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In the case of AIDS, experts believe that a cure is more likely than developing a vaccine against HIV
Experts discuss the chances of curing AIDS. Recently, a baby infected with HI viruses was declared "functionally healed", and there seems to be an increased likelihood that patients will no longer need medication to control the virus for the rest of their lives. According to experts, a cure could even be be possible before developing an AIDS vaccine.
In very few cases, “functional cure” of AIDS is possible. HIV is still an incurable disease. Thanks to antiretroviral therapy, those affected can lead a largely normal life. Life expectancy has also increased significantly thanks to modern treatment. Some experts even assume that curing AIDS will not be unrealistic in the future. "We will get a cure faster than a vaccination in the next few years," the AIDS researcher Hans Jäger, who heads the 15th Munich AIDS and Hepatitis Days, told the news agency "dpa". Roundtables from Friday to Sunday 1,500 experts on the subject.
"The cure is a predictable concept, the therapies have become better," Jäger informed in advance of the specialist conference. He was known to have at least 20 cases in which a so-called functional cure occurred can be detected more without receiving special medication, the most recent example being an HIV-infected baby from the United States, where - even though he received no treatment - the number of viruses did not increase.
However, untreated HIV infection leads to the outbreak of AIDS in most patients. At this stage of the disease, so-called opportunistic infections occur, which are caused by bacteria, fungi, viruses or parasites. Affected people also frequently suffer from malignant tumors such as Kaposi's sarcoma and lymph gland cancer, as well as HIV-related changes in the brain (HIV encephalopathy) and Wasting syndrome. The latter can lead to the death of the person concerned in the further course.
Why were some HIV patients cured? It is still largely unclear why some, very few patients do not develop AIDS even without treatment. The virus can usually be detected in the blood of these HIV-infected people like a “footprint”, but the immune system keeps it under control, so that drug therapy is no longer necessary. Hunters are known to have two babies, two patients from Berlin and 15 others from a French study, who are considered to be functionally healed. “Of course that is far too few. We have not yet understood the mechanisms that specifically brought these people to healing. We only know that it works. We have proof that it is possible, "said the expert.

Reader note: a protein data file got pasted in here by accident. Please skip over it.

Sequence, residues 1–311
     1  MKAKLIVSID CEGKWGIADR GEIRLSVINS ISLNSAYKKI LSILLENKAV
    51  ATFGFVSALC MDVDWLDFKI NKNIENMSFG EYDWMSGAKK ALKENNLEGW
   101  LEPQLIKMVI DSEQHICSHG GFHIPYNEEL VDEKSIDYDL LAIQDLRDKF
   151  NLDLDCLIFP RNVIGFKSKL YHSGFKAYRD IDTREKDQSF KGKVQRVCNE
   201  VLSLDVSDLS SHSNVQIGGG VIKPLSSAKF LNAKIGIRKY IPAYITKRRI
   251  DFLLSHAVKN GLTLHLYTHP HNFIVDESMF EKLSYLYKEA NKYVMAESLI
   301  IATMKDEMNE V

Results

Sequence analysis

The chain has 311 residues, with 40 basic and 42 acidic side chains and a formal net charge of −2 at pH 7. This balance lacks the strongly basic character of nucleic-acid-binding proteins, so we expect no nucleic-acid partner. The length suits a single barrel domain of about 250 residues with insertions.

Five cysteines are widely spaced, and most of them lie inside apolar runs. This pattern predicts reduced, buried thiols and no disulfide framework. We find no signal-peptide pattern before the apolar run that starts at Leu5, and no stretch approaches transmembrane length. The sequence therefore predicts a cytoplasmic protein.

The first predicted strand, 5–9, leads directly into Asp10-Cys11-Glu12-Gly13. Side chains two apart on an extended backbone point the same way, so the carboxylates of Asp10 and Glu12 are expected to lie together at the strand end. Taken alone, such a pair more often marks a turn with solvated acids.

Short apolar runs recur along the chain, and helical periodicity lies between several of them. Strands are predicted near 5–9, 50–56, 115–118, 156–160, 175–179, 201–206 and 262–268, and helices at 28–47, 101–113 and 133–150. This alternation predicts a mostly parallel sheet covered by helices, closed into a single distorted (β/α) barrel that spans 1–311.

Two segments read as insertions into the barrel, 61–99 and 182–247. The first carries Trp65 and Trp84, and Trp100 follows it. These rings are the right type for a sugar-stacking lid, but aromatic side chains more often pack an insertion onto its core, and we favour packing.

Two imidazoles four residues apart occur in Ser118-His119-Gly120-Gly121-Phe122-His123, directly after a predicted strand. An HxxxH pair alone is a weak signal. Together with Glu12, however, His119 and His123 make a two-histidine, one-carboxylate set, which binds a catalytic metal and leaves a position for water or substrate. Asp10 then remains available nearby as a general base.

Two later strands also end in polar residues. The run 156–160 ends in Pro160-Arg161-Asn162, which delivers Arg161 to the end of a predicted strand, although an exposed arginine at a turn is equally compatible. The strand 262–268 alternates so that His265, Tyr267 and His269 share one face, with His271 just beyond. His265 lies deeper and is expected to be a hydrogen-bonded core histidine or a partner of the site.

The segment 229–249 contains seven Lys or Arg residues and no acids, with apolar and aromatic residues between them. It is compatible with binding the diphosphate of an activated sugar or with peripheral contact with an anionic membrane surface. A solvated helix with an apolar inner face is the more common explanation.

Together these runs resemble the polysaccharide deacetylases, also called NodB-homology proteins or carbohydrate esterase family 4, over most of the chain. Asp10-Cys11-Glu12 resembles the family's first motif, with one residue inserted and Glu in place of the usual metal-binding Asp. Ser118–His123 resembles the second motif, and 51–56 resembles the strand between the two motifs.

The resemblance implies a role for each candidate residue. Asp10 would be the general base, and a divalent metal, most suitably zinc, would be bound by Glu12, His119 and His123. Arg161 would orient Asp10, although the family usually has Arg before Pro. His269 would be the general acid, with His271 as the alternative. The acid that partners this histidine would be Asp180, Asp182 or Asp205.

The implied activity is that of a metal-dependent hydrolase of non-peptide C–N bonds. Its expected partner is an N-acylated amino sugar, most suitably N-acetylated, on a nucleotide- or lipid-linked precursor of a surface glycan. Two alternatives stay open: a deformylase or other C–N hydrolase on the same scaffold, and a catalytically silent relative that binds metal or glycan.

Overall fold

In the case of an HIV patient from Berlin who suffered from leukemia, a stem cell transplant brought about functional healing. A few years after the treatment, the virus was no longer detectable in his body. The AIDS researcher also reports a process that overrides the virus docking mechanism in helper cells. In this way, the cells previously treated outside the body become immune to the HI virus when they are returned to the patient. While the old cells infected with HIV die, the new ones survive. Jäger believes that this "genetic editing" is also effective for patients who have had the infection for a long time.
Functional cure for AIDS can only be checked at high risk. In other cases, such as in the 15 patients in the French study or in newborns and newly infected people, the viral load in the blood did not increase despite treatment discontinuation. "Now we have to transfer this to larger groups of patients," explains Jäger. "We are in the process of examining whether more of those treated early could not be functionally healed than expected." However, this is not so easy, since stopping the medication is always associated with a high health risk. That is why in many cases it is not known whether a patient is functionally healed. Research is therefore focused on laboratory tests. When a vaccine against HIV infection will be developed is in the stars. According to Jäger, more money should be invested in therapy research.
According to the Robert Koch Institute (RKI), around 78,000 people in Germany had HIV infection at the end of 2012 - including 200 children. More than 3,400 people have been diagnosed with new infections and around 550 patients have died of AIDS. More than 35 million people worldwide are affected by the immunodeficiency. (ag)
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